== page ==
IGA Glen Forrest customers lead lightweight plastic bag ban

Customer Trevor Clark of Mundaring with Glen Forrest IGA owner Tony Merlacco. Picture: David Baylis
Customer Trevor Clark of Mundaring with Glen Forrest IGA owner Tony Merlacco. Picture: David Baylis

CUSTOMERS of a Glen Forrest store helped beat the supermarket giants to the ban on single-use plastic bags.

Glen Forrest IGA stopped stocking the lightweight bags in May.

Owner-manager Tony Merlacco said regular shoppers wanted the change introduced ahead of the statewide ban on July 1.

“We had a talk with some of our customers and thought why wait? Let’s make a concerted effort and we started storing cardboard boxes for our customers use ahead of the ban,” he said.

He said many shoppers remember to bring bags, but could be caught short when they buy more items than first intended.

“In this situation, our staff automatically offers a free cardboard box,” he said.

“We also sell the handbag-sized foldable bags and I’d like to provide men with something similar, such as a handy wallet-sized bag for convenience.”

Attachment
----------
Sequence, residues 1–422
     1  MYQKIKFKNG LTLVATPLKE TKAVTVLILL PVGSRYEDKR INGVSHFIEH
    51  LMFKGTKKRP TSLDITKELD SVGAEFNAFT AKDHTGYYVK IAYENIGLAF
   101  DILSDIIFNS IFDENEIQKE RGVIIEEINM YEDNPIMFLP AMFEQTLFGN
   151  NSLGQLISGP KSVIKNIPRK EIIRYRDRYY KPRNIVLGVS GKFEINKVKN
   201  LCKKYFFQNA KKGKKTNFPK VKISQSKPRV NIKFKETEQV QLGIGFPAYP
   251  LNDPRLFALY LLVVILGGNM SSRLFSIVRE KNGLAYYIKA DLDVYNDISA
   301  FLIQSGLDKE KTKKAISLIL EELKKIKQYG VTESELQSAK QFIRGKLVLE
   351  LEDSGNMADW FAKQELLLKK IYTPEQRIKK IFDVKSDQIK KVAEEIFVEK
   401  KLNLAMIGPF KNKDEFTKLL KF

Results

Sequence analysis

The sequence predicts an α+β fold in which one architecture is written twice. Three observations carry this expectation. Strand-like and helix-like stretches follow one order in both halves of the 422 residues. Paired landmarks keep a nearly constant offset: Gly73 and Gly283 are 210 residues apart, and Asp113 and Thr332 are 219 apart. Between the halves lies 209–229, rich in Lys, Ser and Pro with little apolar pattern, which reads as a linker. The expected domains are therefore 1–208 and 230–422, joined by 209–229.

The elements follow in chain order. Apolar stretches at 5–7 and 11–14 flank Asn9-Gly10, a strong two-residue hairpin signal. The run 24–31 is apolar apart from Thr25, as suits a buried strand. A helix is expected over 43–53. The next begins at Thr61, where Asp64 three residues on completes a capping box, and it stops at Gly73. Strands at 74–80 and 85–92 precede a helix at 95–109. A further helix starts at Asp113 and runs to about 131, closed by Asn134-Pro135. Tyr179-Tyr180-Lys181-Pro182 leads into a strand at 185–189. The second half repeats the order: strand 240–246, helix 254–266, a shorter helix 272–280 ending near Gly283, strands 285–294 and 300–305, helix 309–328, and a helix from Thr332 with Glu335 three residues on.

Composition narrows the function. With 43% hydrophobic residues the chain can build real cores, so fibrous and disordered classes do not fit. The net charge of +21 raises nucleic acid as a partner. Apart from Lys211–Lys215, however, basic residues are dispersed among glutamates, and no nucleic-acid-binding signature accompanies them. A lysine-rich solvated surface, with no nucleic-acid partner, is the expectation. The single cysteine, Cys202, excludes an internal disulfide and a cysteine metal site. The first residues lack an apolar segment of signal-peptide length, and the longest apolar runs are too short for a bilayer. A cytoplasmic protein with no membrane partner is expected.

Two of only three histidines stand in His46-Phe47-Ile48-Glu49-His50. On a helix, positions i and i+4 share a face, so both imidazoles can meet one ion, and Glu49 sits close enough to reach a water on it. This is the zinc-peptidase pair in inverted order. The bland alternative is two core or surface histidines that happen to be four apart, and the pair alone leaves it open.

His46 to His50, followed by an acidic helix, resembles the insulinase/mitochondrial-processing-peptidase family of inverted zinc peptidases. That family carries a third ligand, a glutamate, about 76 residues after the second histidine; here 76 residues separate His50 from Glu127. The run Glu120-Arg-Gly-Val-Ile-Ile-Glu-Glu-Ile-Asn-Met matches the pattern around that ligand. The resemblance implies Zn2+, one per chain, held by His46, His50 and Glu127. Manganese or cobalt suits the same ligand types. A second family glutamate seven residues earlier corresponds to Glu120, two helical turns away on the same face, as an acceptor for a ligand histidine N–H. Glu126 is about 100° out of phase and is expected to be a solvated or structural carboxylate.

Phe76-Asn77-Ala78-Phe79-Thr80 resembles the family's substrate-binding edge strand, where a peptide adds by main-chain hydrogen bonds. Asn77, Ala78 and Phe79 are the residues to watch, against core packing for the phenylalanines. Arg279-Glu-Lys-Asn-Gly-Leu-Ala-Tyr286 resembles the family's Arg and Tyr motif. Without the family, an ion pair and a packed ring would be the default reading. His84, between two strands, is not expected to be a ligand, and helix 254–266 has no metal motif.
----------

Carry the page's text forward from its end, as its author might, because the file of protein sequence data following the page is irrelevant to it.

Staff advised shoppers about the change at the checkout and notifications were posted on social media.

Crabbs Kalamunda IGA owner-manager Bruce Harwood said his customers had embraced the sustainable Boomerang Bag alternative introduced earlier this year.

The free reusable bags made by local groups are also available at Lesmurdie IGA and from the new bulk food store Replenish in Kalamunda.

Transition Town Kalamunda member Adele Standeven said shoppers borrow and return the bags.

“It helps reinforce the BYO bag message, because if you have forgotten yours or didn’t plan on going shopping then the Boomerang Bags are right near the checkouts to borrow,” she said.

Woolworths stores banned single-use plastic bags today – a week and a half out from the state ban.

The Environmental Protection (Plastic Bags) Regulations 2018 includes a ban on degradable, biodegradable and compostable plastic bags because the bags “persist in the environment” and pose a threat to wildlife.


WA uses 670 million lightweight plastic bags annually

Most of the bags end up in landfill

About 7 million bags are littered